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St. Malo Agreement

Volume 454: debated on Monday 11 December 2006

I meet the French Defence Minister on a regular basis, including at meetings of EU Defence Ministers where, collectively, Ministers take forward work on the European security and defence policy consistent with the 1998 St. Malo declaration.

St. Malo was important because, for the first time, British and French Governments agreed to work together to improve the capabilities that are available not just for Britain in Europe but for the specific relationship with other EU countries. Is my right hon. Friend satisfied with the progress that has been made in implementing the principles of St. Malo, bearing in mind that there seems to have been a difference of opinion between him and the French Defence Minister over the funding of the European research initiative?

I can assure my right hon. Friend that from the outset the United Kingdom has consistently provided leadership to drive forward the capability development agenda, and we have been successful in ensuring that the ESDP develops in a way such as to be both supportive of and supported by NATO’s crisis management activities. Of course this is not a zero-sum game, given that the European Union allies are 19 of the 26 NATO allies. My right hon. Friend refers to a discussion that took place at the last meeting on the budget of the European Defence Agency. We do not have any dispute of principle with anyone else on the matter, but we do have a debate on the detail of how the principles are to be achieved, and in particular, on the operational budget that should be allocated. That does not reflect any lack of support from the UK for the agency—on the contrary, it shows our desire to see our scarce resources spent to best advantage.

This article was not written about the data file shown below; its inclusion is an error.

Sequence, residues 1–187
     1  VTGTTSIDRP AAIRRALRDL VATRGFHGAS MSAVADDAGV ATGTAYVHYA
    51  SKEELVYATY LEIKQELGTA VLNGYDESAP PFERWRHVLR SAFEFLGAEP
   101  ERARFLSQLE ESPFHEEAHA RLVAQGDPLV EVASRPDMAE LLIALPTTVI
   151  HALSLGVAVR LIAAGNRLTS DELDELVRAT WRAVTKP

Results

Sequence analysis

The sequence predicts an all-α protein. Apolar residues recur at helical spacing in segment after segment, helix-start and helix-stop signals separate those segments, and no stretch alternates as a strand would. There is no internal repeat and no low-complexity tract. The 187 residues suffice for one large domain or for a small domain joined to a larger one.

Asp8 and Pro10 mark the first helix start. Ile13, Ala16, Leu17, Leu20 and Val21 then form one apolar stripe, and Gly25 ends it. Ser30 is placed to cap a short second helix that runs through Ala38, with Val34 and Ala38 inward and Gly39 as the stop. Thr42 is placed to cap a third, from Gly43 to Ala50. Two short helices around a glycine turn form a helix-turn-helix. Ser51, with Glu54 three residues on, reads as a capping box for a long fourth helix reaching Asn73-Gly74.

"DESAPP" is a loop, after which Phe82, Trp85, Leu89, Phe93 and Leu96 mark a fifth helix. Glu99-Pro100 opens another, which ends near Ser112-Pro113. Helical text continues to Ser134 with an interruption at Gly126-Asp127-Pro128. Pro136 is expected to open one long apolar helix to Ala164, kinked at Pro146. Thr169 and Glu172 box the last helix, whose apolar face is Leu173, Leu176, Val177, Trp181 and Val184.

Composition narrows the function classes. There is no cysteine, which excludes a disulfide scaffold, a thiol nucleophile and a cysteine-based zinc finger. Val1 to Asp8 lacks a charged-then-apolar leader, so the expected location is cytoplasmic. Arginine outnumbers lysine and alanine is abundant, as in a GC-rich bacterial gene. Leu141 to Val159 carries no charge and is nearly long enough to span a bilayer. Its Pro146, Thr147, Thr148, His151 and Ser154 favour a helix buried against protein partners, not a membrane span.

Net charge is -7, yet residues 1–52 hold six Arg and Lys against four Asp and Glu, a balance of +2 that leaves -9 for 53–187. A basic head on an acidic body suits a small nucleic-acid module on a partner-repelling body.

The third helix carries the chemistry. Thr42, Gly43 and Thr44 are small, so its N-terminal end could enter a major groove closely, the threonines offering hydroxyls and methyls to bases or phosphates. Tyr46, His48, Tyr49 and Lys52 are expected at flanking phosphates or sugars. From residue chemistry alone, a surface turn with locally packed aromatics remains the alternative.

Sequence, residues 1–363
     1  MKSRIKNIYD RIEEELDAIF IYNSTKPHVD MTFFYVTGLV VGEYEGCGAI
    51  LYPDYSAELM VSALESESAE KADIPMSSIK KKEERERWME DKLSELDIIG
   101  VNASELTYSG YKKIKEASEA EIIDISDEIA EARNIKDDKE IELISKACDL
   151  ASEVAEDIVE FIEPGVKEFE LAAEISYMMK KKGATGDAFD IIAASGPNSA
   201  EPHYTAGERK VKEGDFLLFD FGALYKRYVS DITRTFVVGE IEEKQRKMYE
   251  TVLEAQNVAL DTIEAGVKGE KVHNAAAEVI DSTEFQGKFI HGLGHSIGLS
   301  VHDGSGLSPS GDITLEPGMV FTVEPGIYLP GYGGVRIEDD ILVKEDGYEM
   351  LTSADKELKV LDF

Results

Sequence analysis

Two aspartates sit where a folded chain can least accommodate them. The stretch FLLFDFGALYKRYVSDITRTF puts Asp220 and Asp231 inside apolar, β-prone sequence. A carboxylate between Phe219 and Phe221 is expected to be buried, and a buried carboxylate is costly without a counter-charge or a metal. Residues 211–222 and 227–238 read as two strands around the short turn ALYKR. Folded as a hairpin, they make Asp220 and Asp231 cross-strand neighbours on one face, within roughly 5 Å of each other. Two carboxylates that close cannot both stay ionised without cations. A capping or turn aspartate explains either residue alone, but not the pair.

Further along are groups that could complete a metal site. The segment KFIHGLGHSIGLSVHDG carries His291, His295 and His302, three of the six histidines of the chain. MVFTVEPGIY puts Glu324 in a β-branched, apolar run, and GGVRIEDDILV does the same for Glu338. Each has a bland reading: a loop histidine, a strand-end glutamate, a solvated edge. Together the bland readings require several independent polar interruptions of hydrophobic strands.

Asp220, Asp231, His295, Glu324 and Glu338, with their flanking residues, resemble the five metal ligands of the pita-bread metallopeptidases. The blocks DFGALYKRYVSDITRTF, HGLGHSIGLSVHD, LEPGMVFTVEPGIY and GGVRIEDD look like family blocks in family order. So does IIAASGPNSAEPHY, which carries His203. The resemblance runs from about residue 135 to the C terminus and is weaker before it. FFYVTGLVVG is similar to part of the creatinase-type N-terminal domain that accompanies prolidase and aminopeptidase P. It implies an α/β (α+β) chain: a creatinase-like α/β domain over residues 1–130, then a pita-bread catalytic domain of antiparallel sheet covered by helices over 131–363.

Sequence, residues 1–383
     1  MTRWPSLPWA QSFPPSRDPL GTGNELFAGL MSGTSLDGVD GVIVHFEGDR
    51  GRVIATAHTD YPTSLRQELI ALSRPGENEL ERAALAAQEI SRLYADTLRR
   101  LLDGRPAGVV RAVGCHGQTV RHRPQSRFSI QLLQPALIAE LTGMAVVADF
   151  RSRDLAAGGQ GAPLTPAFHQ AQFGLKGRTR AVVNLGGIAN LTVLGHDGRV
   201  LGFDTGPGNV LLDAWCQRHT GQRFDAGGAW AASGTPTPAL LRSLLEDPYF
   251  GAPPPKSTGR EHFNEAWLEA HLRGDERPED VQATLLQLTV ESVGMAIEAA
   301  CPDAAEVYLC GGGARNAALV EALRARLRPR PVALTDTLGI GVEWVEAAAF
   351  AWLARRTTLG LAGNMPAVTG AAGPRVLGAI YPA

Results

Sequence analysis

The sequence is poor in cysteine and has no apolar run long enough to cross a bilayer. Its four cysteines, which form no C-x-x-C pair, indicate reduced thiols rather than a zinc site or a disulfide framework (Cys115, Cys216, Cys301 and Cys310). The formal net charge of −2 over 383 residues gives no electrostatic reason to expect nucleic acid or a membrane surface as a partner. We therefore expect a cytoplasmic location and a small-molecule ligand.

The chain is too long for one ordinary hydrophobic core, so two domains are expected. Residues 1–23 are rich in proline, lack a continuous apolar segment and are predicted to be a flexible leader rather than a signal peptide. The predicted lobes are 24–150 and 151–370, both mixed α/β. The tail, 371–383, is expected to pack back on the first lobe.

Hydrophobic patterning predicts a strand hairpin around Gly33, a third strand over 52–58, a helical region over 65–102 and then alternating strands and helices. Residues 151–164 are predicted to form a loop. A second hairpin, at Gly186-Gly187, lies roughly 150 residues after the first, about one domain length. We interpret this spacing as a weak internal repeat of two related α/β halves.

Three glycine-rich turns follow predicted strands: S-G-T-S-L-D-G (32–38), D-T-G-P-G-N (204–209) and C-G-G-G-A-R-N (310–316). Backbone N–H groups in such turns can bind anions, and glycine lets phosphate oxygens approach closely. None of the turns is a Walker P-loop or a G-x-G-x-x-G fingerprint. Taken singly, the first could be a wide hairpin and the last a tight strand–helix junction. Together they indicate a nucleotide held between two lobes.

Will the Secretary of State recommit himself to NATO, as opposed to the growing EU force that some countries are talking about? St. Malo and the Berlin-plus talks mean that many people based in Supreme Headquarters Allied Powers Europe headquarters are double-hatting. An increasing emphasis is being placed on the EU to create its own military force. Will the right hon. Gentleman confirm to the House that we will stand by NATO and not see an EU force develop?

I have no difficulty in giving the hon. Gentleman the assurance that he needs about us standing by NATO. However, we should recognise that there are areas in which the European Union can complement the work that NATO does, and we should examine these on a case-by-case basis, but we should take advantage of the opportunity that the ESDP provides to help improve the overall capability of all the members of the European Union, given that 19 of them are also members of NATO.